Plans for no-cost Community College Education: Free for All
Across the country, students are asking for decreased tuition in the face of increased debt and college loans. But for students in Tennessee, college is already free.
The Tennessee Promise program, which starts with the high school class of 2015, is a scholarship program for Tennessee students who are planning to attend a community college, technical school or 4-year institution and are pursuing an associate’s degree.
“Parents and students view this as a game change and a culture change,” said Mike Krause, the program’s director. He has found the response to be “absolutely overwhelming.”
Gov. Bill Haslam created Tennessee Promise after he traveled was traveling the state during the last election season and learned that job vacancies weren’t being filled because there weren’t any qualified workers to fill them. Haslam realized that in order to keep driving Tennessee’s economy forward, more people needed to graduate from college with degrees in areas that the state’s industries needed.
The scholarship is awarded to students regardless of high school academic performance, but requires recipients to go to school full-time, maintain a 2.0 GPA and complete eight hours of community service per term. Though the scholarship doesn’t cover the full cost of attendance, only tuition and fees, the idea is that if it is supplemented with other aid, such as need-based federal grants, students can cover all costs.
Though Krause has heard support from many people, he is particularly impressed with the support of local businesses.
“Our business and employer leaders are fully onboard with the [...] initiative, and their reaction has been exciting,” Krause said.
Tennessee Promise, which covers many costs for students, does not cost the state anything.
"When you can tell a student that community college is free and the state is going to be there with you to cover these costs, you can really carry a new message to a group of students who had been maybe ruling themselves out of a college education."
The program was created from money that has accumulated in the state’s lottery reserve and was put into an irrevocable trust account. The trust earns interest each year and is self-sustaining, so the program should always have funds available to meet students’ needs. This means every student who is promised a scholarship will receive it for at least four semesters, five if they need to take a remedial course. The self-sustaining nature of the trust will allow more students to receive scholarships each year.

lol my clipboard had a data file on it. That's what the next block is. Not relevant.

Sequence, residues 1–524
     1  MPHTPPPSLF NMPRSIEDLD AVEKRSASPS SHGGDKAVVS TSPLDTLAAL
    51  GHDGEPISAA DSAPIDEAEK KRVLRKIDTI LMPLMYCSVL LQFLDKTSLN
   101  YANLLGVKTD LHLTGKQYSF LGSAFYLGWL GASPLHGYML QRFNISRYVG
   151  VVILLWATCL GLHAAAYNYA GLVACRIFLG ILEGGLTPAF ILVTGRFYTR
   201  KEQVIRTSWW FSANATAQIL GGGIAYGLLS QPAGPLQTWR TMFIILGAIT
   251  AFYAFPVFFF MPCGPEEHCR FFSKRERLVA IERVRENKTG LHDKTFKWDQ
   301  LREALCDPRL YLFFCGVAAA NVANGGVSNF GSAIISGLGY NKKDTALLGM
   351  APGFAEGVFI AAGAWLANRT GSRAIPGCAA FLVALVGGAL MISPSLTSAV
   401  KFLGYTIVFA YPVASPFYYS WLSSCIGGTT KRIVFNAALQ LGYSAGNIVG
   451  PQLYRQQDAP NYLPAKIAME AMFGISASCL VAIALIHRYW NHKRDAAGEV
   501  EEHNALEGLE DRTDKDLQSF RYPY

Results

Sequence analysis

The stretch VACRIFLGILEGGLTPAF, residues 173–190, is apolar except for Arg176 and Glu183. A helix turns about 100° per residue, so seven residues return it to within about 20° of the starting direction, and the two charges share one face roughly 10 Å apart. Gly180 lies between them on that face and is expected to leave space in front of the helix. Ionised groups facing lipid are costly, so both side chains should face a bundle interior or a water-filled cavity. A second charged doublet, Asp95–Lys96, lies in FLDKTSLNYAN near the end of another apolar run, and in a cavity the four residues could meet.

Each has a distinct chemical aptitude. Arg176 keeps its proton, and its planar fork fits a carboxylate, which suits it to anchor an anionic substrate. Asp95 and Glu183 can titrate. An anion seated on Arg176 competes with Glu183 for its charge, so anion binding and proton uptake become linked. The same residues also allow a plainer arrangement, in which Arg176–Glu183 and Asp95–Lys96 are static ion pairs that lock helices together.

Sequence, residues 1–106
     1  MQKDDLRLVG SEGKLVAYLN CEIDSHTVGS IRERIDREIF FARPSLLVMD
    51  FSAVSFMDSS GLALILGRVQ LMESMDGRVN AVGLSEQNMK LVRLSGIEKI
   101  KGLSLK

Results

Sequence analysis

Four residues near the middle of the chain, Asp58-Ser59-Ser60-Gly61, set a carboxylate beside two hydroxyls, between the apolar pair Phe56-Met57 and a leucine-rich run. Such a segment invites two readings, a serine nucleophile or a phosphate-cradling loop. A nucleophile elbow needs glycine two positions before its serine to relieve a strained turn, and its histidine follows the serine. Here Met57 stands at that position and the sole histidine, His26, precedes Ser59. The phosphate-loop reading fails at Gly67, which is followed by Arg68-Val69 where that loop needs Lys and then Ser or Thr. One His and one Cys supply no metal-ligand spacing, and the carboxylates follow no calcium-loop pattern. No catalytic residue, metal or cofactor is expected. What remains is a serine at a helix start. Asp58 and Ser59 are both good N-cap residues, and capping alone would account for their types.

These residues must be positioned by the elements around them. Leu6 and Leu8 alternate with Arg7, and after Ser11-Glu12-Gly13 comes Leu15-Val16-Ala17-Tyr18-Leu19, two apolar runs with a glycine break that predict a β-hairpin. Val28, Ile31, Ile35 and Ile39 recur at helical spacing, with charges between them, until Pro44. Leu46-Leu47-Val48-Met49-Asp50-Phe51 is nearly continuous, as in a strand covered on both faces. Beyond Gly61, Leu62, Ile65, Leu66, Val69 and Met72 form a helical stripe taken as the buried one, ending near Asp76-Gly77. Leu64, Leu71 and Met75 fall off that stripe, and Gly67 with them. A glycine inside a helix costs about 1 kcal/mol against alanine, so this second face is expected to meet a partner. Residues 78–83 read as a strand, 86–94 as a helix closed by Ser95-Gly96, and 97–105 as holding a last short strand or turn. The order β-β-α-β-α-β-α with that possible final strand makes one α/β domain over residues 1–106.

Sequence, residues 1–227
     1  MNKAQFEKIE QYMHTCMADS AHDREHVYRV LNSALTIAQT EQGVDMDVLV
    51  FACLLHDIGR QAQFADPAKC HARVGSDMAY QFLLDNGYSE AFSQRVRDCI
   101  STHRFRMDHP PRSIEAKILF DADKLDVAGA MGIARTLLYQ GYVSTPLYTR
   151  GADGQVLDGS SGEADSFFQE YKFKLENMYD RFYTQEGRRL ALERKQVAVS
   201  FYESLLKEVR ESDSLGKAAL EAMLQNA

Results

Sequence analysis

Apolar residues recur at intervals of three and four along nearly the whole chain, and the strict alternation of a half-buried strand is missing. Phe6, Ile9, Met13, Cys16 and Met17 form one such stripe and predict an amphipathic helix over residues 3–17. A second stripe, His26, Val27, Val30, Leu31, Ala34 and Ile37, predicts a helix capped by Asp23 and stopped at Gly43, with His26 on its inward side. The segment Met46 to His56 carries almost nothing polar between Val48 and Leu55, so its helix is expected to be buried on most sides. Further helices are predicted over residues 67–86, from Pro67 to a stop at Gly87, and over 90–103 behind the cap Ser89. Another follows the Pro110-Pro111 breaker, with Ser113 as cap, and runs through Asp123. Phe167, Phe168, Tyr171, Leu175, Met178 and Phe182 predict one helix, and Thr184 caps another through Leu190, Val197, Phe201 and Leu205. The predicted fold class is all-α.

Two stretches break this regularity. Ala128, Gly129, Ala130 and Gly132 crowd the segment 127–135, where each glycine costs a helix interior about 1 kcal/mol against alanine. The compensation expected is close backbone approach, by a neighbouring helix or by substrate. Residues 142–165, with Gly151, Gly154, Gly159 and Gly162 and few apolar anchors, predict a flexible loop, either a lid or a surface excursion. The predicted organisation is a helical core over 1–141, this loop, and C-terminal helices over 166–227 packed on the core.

“We want every student to go [to college] without question,” Krause said. “When you can tell a student that community college is free and the state is going to be there with you to cover these costs, you can really carry a new message to a group of students who had been maybe ruling themselves out of a college education.”
While this program is only statewide, President Obama’s national plan, called America’s College Promise, has similar attributes. Students who are accepted to the program will have to maintain a 2.5 GPA, be enrolled at least half-time and be working toward a degree or transferring to a 4-year institution.
Under this plan, the federal government will pay 75 percent of average community college costs while states pick up the other 25 percent. The average cost of community college per year is $2,713, according to the College Board. Students will still be eligible for other types of aid, including aid from the institutions themselves and other federal aid. Both Tennessee Promise and America’s College Promise aim to make education more widely available to American students.
Several nations already provide college education for free, including France and Germany. Germany tried to take away free college education by charging its students a small fee in 2006, which resulted in public outrage. The introduction of fees was a political move, but the government soon realized there would be greater benefit for both the nation and its citizens by removing the fees and making college free again.
“Tuition fees degrade the educational opportunities for bright young people from low-income families,” Gabriele Heinen-Kljajic, state minister for science in Lower Saxony, said to Germany’s parliament in regards to the cost of college.
Both Tennessee Promise and America’s College Promise seek to make future generations of the American workforce more capable and prepared for the jobs they will be asked to do. But there are questions about the effect this program will have on four-year institutions like AU.
The average loan debt for graduating students in 2012 was $34,649, according to AU’s website. Sixty-five percent of students had to take out some form of loans in order to finish their education at AU. The admissions office was unavailable for comment about how free community college could potentially affect AU transfer rates or tuition.
If students will soon have the opportunity to earn degrees for free, or transfer from community college and only graduate with two years of debt, 4-year institutions may have to consider lowering their costs in order to continue drawing high numbers of students.
Though the president’s plan is still in planning stages, Tennessee’s program provides hope that one day community college will be free to all American students.